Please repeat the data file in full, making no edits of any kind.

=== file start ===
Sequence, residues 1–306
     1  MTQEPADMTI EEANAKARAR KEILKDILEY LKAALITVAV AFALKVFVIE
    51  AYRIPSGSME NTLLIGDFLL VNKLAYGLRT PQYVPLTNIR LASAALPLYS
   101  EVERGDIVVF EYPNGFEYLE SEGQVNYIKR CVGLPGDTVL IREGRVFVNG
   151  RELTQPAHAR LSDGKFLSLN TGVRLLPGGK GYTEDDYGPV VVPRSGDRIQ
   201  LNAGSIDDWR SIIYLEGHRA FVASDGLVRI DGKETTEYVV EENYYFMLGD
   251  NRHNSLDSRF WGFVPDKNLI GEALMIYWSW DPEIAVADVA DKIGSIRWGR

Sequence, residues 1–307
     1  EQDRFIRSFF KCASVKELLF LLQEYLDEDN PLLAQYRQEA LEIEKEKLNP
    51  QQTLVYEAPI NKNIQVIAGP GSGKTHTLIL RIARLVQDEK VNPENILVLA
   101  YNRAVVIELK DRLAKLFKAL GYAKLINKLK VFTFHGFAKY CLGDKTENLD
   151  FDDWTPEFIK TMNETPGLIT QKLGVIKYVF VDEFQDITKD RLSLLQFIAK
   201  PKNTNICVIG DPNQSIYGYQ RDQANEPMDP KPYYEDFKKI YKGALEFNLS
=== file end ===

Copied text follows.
Sequence, residues 1–306
     1  MTQEPADMTI EEANAKARAR KEILKDILEY LKAALITVAV AFALKVFVIE
    51  AYRIPSGSME NTLLIGDFLL VNKLAYGLRT PQYVPLTNIR LASAALPLYS
   101  EVERGDIVVF EYPNGFEYLE SEGQVNYIKR CVGLPGDTVL IREGRVFVNG
   151  RELTQPAHAR LSDGKFLSLN TGVRLLPGGK GYTEDDYGPV VVPRSGDRIQ
   201  LNAGSIDDWR SIIYLEGHRA FVASDGLVRI DGKETTEYVV EENYYFMLGD
   251  NRHNSLDSRF WGFVPDKNLI GEALMIYWSW DPEIAVADVA DKIGSIRWGR

Sequence, residues 1–307
     1  EQDRFIRSFF KCASVKELLF LLQEYLDEDN PLLAQYRQEA LEIEKEKLNP
    51  QQTLVYEAPI NKNIQVIAGP GSGKTHTLIL RIARLVQDEK VNPENILVLA
   101  YNRAVVIELK DRLAKLFKAL GYAKLINKLK VFTFHGFAKY CLGDKTENLD
   151  FDDWTPEFIK TMNETPGLIT QKLGVIKYVF VDEFQDITKD RLSLLQFIAK
   201  PKNTNICVIG DPNQSIYGYQ RDQANEPMDP KPYYEDFKKI YKGALEFNLS